Thus, one of the first things I did as president was to invite 25 people from across the campus community to work with me to decide what our vision should be.  Then I asked them to devise a plan for realizing our vision.

These 25 people would become members of what we call the Planning and Priorities Committee.  I then rounded out the group by adding still more people to the committee to ensure that we had a good mix of people who represented the diverse interests and perspectives of the whole community.

In total, 45 people participated in a retreat to identify our key planning priorities.  We came away with nine areas for Ithaca College to address, from enrollment and academic program development to facilities, diversity, and technology.

But that was just the start.  The committee solicited help and input from more than 400 other people affiliated with the College, including students, faculty, alumni, even trustees, to tackle each of the nine priorities.

They then developed a list of goals for each priority and invited everyone on campus to speak up, debate, and express their ideas and points of view about them.

Eighteen months later, we had an institutional plan in place.  The plan was the result of a process that was visible to all and one that invited everyone to participate.  As a result, when it was rolled out and presented for all the world to see, it received widespread support.

Everyone had had a chance to weigh in on it.  The entire campus community had a sense of ownership.  It was their vision.  It contained their goals.  They had laid out for themselves the path Ithaca College would take into the future and had agreed on what that future should look like.  At the conclusion, everyone who participated in the process could say with pride, “We did it ourselves.”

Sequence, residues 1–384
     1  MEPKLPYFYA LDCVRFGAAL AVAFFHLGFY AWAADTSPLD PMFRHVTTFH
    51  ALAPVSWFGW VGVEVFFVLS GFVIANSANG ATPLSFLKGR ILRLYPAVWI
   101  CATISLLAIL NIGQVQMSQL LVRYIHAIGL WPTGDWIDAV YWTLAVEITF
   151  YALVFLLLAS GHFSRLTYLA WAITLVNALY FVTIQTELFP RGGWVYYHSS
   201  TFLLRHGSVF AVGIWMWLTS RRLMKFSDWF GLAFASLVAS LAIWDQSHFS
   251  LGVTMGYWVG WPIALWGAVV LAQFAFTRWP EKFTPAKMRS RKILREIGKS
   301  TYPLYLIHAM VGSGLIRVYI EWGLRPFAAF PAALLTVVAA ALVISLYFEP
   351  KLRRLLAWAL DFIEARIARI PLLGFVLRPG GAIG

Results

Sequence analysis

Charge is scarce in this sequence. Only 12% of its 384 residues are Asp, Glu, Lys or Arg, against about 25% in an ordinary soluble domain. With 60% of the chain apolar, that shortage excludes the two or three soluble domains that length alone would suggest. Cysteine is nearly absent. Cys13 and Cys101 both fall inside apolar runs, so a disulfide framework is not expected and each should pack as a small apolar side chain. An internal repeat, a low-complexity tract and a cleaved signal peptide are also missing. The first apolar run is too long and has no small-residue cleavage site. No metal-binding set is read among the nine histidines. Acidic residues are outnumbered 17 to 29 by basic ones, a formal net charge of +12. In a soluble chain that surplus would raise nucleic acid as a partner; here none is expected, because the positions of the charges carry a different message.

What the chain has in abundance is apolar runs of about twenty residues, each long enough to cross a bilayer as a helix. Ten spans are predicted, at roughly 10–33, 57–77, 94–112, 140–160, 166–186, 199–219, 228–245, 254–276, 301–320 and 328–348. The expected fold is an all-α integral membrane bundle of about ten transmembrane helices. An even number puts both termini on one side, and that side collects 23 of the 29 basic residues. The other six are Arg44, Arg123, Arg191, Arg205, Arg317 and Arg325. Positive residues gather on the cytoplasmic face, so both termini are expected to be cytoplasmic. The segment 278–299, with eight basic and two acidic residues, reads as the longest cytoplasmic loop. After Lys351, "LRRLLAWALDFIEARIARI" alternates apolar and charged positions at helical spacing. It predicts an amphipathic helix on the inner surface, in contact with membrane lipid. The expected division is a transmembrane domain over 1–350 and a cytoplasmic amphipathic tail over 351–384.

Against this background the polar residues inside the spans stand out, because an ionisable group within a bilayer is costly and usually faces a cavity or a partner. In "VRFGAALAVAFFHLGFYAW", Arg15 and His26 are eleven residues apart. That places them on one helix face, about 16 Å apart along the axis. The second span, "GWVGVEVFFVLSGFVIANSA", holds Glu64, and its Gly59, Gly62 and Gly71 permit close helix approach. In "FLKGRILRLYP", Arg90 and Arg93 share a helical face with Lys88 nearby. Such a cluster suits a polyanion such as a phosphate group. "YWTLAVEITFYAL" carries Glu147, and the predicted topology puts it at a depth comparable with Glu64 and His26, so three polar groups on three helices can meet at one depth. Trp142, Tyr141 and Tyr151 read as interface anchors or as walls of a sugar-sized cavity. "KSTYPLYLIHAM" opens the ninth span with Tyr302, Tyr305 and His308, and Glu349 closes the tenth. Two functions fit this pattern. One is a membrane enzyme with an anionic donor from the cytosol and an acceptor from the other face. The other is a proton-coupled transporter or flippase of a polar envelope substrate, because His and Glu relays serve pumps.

As part of the Institutional Plan, we increased our emphasis on staff development.  A key initiative was to create a leadership development program open to everyone on campus.  And so we kicked it off, reviewing admissions to the program from people who nominated themselves, as well as from people who were nominated by others. 

The leadership development program is now in its second year and has graduated 48 new leaders -- leaders from the grounds and maintenance crew, the library sciences, communications, and legal and office support roles.  Inviting people from all levels of the organization to attend the program is consistent with my notion that leaders can emerge from anywhere.

We now have 48 leaders we did not already have.  People who, as Parker Palmer would say, cast light instead of shadow.  People who seek to understand before being understood.  People who take home with them their new-found emotional intelligence skills and use them in all aspects of their lives.

That’s where David Smith comes in.  You will recall that David was named by a woman on campus when I asked her what leader she admired.

What I find so interesting about David is that, while he has always been a superb functional expert and manager, he was not considered to be a leader by others, nor did he see himself as one.

After a year in the leadership development program David had changed.  How do I know?  Because people in his department, including his supervisor, approached the program director without being asked to tell her that David had changed.  They were deeply impressed with how he had renewed himself.